The phrase “go ahead” is a common idiomatic response to someone’s request for permission to do something. It generally means that the speaker does not have an objection to whatever the person has requested, and will allow it go ahead, or proceed.

The idiom “go ahead” is a common idiomatic response to someone’s request for permission to do something.

The go ahead idiom has the same meaning as the word “approval.” It is used when you are asking people to give approval for your plan. This idiom would be used in a situation where someone is planning something and needs to know if it will be okay.

Please go ahead with this plan, because it has my approval.

The phrase “go ahead” is used to acknowledge that something or someone has permission to progress, and it also indicates the speaker’s desire for them to do so. For example, a mother might say to her daughter, “Go ahead and play with your food,” as a way of giving her permission to create whatever she wants with her plate.

The phrase “go ahead” can also mean “to succeed.

To give the go-ahead means to consent or approve of something, or to allow something.

The phrase is often used in the context of corporate meetings, where the person in charge will say ‘let’s give the go-ahead’ when they agree with a proposal.
It can also be used to mean ‘to allow’, for example when someone who controls access to a place says ‘you can’t come in without my say so’.


The message “get the message” is a popular English idiomatic expression meaning “understand the point.” The message is telling people to understand what is being said.

This phrase is often used as a metaphor to describe the work of a writer. A message is defined as an expression of thought, one that holds meaning and significance. The phrase “get the message” is often used to express that an outside observer or person has understood and interpreted the meaning and significance of what was written.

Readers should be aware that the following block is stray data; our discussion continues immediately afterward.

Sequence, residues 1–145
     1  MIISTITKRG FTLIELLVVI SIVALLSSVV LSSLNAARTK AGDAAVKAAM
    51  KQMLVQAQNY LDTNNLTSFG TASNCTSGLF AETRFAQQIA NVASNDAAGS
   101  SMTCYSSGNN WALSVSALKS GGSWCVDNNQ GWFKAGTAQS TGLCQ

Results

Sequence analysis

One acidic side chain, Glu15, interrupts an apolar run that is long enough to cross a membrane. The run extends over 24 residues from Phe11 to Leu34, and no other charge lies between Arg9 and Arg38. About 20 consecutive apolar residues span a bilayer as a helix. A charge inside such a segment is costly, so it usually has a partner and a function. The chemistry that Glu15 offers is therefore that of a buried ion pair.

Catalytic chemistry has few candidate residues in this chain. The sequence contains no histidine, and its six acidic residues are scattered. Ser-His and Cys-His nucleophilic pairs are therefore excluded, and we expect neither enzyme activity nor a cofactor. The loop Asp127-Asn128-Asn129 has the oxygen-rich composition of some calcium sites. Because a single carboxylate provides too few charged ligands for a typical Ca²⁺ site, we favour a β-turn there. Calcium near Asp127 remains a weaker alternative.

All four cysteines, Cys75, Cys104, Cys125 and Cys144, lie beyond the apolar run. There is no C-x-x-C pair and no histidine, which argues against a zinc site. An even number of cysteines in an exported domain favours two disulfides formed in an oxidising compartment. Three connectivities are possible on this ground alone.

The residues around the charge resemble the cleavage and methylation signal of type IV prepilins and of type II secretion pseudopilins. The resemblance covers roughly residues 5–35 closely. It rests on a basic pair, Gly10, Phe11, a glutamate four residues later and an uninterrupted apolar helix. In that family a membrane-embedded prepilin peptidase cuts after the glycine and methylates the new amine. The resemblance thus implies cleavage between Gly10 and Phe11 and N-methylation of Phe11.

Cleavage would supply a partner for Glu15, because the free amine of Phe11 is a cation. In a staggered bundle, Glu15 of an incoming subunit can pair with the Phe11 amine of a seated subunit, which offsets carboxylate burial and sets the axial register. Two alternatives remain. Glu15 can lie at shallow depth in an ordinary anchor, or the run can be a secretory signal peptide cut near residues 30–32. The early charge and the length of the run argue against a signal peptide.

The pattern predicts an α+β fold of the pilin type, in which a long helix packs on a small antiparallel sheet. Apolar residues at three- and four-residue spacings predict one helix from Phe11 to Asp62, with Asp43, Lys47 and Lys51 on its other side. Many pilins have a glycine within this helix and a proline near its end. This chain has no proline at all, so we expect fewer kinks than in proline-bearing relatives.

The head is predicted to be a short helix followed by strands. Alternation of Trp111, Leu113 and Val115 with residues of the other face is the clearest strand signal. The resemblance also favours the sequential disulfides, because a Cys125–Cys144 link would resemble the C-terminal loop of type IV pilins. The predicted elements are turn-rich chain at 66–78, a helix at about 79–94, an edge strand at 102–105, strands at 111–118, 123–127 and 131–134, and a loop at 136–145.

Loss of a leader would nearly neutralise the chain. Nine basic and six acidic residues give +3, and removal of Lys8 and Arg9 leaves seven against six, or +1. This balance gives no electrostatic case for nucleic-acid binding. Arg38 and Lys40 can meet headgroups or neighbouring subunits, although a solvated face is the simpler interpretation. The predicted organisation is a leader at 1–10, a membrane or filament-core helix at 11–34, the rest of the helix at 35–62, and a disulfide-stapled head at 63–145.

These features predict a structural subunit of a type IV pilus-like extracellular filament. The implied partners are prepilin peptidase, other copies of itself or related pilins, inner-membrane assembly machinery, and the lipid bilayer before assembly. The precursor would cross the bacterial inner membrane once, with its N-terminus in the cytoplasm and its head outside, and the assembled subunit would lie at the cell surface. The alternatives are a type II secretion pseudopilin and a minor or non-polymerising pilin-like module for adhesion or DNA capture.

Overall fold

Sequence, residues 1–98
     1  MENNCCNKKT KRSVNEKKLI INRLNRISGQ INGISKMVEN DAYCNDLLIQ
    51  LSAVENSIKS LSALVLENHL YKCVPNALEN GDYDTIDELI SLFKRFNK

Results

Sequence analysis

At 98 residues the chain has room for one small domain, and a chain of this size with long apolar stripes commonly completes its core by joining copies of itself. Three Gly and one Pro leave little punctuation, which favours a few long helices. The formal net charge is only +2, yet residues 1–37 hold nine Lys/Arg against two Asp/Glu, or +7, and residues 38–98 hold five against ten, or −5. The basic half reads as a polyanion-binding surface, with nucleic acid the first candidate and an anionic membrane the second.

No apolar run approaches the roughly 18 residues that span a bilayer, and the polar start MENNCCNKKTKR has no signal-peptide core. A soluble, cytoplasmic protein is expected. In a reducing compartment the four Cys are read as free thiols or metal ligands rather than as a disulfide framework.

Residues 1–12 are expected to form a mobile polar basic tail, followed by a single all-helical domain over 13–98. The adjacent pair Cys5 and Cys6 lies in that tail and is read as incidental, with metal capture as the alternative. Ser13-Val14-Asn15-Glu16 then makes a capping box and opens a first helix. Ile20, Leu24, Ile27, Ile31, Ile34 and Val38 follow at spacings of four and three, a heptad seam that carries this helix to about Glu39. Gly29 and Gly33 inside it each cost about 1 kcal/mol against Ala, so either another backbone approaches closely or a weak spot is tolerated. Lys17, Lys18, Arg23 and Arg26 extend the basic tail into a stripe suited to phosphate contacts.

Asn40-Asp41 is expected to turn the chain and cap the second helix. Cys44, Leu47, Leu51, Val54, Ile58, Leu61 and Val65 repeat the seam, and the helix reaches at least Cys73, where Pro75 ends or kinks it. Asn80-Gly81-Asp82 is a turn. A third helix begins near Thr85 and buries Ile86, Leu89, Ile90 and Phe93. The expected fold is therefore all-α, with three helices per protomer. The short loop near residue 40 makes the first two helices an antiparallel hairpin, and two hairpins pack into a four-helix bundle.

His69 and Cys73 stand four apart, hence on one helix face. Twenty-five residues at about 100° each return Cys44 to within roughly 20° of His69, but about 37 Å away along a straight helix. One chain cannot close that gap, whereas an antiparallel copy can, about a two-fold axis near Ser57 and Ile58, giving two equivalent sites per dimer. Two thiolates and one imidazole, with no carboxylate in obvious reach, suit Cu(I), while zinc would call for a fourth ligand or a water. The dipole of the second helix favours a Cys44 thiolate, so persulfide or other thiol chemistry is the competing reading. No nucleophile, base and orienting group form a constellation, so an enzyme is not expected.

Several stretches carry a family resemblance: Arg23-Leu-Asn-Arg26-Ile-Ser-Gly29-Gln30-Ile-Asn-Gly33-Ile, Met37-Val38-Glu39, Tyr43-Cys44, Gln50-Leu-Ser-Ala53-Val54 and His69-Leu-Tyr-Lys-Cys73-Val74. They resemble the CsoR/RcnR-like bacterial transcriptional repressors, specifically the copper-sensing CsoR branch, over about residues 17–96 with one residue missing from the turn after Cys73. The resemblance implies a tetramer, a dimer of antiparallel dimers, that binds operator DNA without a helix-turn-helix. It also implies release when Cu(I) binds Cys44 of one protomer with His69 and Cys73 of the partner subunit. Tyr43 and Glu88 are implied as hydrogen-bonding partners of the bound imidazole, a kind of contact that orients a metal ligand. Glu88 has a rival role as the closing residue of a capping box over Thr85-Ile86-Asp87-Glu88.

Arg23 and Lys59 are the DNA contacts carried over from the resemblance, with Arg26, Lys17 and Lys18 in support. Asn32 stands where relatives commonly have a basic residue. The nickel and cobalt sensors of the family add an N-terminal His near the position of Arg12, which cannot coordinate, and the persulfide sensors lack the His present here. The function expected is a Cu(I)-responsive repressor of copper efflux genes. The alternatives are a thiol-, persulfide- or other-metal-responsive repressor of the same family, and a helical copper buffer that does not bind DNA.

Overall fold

The message idiom ‘get the message’ is an idiom used to express one’s understanding of a conversation, discussion, or verbal exchange. The phrase can be used as a standalone statement to mean that the speaker has understood the content communicated.

The following discussion will focus on the message idiom “get the message.” “Get the message” is a message idiom meaning to understand what was communicated.

The get the message idiom is a figure of speech in which the speaker tells the listener to stop talking and listen to what they are saying.


The show on the road idiom is a colloquial expression meaning to start or commence an activity, sometimes after a delay. The phrase “get the show on the road” can be traced back to Ancient Rome where chariot race spectators would shout these words during the race to encourage the horses and drivers.

It has been noted that there is no concrete source for this expression; however, it might have stemmed from horse racing culture of Ancient Rome.

The idiom “get the show on the road” is an idiomatic phrase with many possible origins. It can be used as a preparatory instruction to start moving, or it can be used to order someone to commence some task, often with implied criticism. Some people believe that the phrase originated from historic tradition of circus workers who would walk around the perimeter of their tents to signal that performances would begin shortly thereafter.

We could view the idiom “get the show on the road” as meaning to do something; to get up and go. Essentially, it is a command to do something or to make things happen. One could argue that this phrase is not really idiomatic in any sense of the word because it is such a common phrase used often when people are attempting to motivate others into action, or into starting their day.

Getting the show on the road is an idiom which means to start doing something. It can be used in a variety of contexts and does not need to be used literally. For example, if someone says they need to get moving or that it’s time to get the show on the road, they might be saying that it’s time to get going and take action.

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